John O'Donohue is one of Ireland's beloved poets and scholars. As a speaker John evokes an atmosphere of Attention where heart and head gradually open to new horizons and where often the inspired self gains courage to break free from inner prisons. His work seeks to be a threshold where the hunger of our contemporary questions might awaken treasure-wells in our tradition. As a speaker John's poetic gift was recognized by the Corporate World of Work where he spoke on themes such as Leadership: The Awakening of Creativity; The Gift of Encouragement in Times of Anxiety; The Art of Change: Finding the Courage for New Horizons and The Art of Awakening Real Presence. John's post-doctoral dissertation on the 13th Century mystic and philosopher Meister Eckhart struck a chord with students of the spiritual life around the world. John became a special mentor to the Groves and his book, Anam Cara, inspired the naming of the Anamcara Project in 2004.
Richard Rohr, O.F.M., is one of the world's beloved spiritual teachers and retreat masters. His works span a wide spectrum of interest including Scripture as liberation, the integration of action and contemplation, community building, peace and social justice issues, male spirituality, the Enneagram and eco-spirituality are amongst the many themes that he addresses in his writing and preaching. RIchard is Founder of the Center for Action and Contemplation in Albuquerque, New Mexico. In 1997 Rohr offered a retreat in Bend, Oregon to several hundred persons which inspired the Groves to pursue their dream of creating the Sacred Art of Living Center. Since then, SALC and CAC have been associated in a number of life giving projects including the Men's Rites of Passage.
Rabbi Zalman Schachter-Shalomi, better known as Reb Zalman, was born in Poland raised in Vienna, and ordained as a rabbi in New York. He is the pioneering father of the Jewish Renewal movement, founder of the Spiritual Eldering Institute, and an active and original teacher of Jewish mysticism. Reb Zalman is an honorary faculty member of the Anamcara Apprenticeship program.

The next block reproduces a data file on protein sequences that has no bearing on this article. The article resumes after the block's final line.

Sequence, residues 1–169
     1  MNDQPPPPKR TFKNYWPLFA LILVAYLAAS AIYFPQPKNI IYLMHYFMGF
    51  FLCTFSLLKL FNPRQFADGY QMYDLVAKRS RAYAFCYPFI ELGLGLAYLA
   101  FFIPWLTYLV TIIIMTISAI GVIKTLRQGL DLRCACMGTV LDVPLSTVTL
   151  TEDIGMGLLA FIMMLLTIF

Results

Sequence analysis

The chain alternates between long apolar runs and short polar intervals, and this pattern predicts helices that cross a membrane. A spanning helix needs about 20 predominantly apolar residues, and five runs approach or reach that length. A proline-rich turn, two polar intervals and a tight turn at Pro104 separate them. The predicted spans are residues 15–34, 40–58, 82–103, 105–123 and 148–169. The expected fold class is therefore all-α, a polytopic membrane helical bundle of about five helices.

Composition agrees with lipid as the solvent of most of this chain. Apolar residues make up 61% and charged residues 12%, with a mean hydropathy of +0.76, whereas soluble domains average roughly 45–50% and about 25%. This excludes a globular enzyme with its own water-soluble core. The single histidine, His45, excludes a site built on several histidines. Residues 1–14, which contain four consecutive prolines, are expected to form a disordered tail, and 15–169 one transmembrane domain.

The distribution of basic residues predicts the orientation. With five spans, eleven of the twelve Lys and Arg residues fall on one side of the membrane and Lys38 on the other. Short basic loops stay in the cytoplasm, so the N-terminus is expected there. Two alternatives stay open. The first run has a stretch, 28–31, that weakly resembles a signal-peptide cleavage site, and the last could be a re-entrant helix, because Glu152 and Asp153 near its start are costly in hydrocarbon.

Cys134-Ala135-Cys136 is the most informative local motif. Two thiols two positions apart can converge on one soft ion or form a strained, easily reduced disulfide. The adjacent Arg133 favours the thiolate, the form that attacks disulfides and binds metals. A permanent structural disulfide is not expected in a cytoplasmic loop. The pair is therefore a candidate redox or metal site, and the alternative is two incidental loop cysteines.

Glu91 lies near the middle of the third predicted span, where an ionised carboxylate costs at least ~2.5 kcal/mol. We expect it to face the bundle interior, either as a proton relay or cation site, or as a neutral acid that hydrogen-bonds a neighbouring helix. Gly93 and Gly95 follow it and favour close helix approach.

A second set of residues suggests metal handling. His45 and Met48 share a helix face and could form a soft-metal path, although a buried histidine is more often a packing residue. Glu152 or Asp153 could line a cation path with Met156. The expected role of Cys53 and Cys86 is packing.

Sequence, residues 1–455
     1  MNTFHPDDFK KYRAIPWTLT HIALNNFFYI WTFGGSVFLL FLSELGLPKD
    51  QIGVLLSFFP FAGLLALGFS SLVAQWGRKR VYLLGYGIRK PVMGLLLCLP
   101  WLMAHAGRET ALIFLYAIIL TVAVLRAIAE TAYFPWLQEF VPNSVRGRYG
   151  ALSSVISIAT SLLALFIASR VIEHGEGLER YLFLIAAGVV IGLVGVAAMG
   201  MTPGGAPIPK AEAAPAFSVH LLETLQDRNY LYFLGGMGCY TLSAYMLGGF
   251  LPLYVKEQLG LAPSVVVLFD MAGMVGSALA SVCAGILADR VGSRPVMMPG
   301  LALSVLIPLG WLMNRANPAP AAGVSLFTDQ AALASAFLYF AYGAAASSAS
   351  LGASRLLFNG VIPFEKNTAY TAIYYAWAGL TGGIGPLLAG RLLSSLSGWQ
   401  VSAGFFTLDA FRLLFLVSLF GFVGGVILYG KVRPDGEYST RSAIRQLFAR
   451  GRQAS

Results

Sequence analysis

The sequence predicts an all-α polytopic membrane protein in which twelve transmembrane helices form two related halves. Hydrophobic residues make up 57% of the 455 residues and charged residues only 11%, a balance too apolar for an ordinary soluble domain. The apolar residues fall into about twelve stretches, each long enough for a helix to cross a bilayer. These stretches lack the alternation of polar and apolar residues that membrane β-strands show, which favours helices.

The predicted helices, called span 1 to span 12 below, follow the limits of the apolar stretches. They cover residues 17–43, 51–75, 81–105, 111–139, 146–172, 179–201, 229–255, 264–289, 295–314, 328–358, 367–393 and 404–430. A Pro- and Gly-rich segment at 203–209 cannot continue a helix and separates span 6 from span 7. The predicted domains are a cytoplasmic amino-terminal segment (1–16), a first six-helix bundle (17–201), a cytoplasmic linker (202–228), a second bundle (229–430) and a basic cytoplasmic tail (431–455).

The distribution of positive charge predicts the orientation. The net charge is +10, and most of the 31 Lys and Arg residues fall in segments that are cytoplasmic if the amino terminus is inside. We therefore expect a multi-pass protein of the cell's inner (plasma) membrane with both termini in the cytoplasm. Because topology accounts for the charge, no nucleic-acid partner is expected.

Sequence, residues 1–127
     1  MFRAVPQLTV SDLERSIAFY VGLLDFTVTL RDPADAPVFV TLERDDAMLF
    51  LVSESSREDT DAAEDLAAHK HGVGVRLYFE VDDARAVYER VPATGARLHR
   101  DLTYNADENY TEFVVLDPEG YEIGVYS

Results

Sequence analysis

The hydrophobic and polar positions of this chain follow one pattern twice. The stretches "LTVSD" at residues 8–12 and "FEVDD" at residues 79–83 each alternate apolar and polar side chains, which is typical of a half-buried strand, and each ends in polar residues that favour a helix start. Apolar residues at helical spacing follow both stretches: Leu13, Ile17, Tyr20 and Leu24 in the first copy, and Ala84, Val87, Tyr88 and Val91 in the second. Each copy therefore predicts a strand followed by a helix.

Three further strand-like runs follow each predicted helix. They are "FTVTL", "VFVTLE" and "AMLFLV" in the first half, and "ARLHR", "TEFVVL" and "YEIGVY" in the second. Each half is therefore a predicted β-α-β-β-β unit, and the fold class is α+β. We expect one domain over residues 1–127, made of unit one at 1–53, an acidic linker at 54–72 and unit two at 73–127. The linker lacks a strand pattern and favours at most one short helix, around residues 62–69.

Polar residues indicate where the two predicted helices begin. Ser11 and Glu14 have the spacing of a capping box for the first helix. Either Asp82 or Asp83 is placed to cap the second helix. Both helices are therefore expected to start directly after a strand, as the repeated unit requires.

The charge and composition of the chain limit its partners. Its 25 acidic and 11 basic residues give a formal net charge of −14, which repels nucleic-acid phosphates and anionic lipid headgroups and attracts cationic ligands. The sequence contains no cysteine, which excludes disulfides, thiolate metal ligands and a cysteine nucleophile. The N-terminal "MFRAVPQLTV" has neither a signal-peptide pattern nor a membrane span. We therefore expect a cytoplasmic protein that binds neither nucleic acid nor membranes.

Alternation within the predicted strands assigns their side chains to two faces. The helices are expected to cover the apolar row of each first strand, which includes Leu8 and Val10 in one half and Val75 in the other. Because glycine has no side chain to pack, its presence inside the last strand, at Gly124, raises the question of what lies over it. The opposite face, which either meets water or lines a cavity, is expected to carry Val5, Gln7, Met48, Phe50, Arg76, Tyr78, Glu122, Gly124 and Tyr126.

The following recipients of the Anamcara Award have been closely associated with the development of Sacred Art of Living Center. Their special contributions deserve special recognition.
Bishop Thomas Connolly is a member of SALC's founding board of directors. Deeply committed to the work of personal spiritual transformation, Connolly is a retired Catholic Bishop who continues to provide both moral and spiritual support to the Center's work.
Michael Kearney, M.D., trained and worked at St. Christopher's Hospice in London with Dame Cicely Saunders and with Balfour Mount in Montreal. He is currently a Medical Director of the Palliative Care Service at Santa Barbara Cottage Hospital and an Associate Medical Director at Visiting Nurse and Hospice Care. He acts as medical director to the Anamcara Project for Compassionate Companionship in Life and Death in Bend, Oregon.
Sr. Mary Assumpta lives in Cleveland, Ohio and is SALC's regional representative in the Eastern USA. She brings twenty years of experience in health care for aging adults and a passion for the Sacred Art of Living & Dying programs. Her effervescent spirit and commitment to interfaith work are creating many new venues for SALC in long term care organizations and faith communities. She is a trained program faciltator and is integrally involved with the Anamcara Project's Apprenticeship program.
Caryl Casbon presently serves as the Anamcara Project Director with the Sacred Art of Living Center; she also develops and coordinates the small group study program for the Sacred Art of Living & Dying Programs. Caryl, an ordained interfaith minister, consultant, writer and story catcher, has worked for twelve years through the Center for Courage & Renewal creating Circles of Trust retreat programs, based on the work of Dr. Parker Palmer, both nationally & internationally, for clergy, medical groups and hospice organizations.
Bob LeDuc provided many years of leadership as a trustee and board chair during the formative years of SALC. Offering an extensive background in management and organizational development, Bob helped to connect the “soul and role” of Sacred Art of Living Center which helped the organization to grow from a local to an international presence.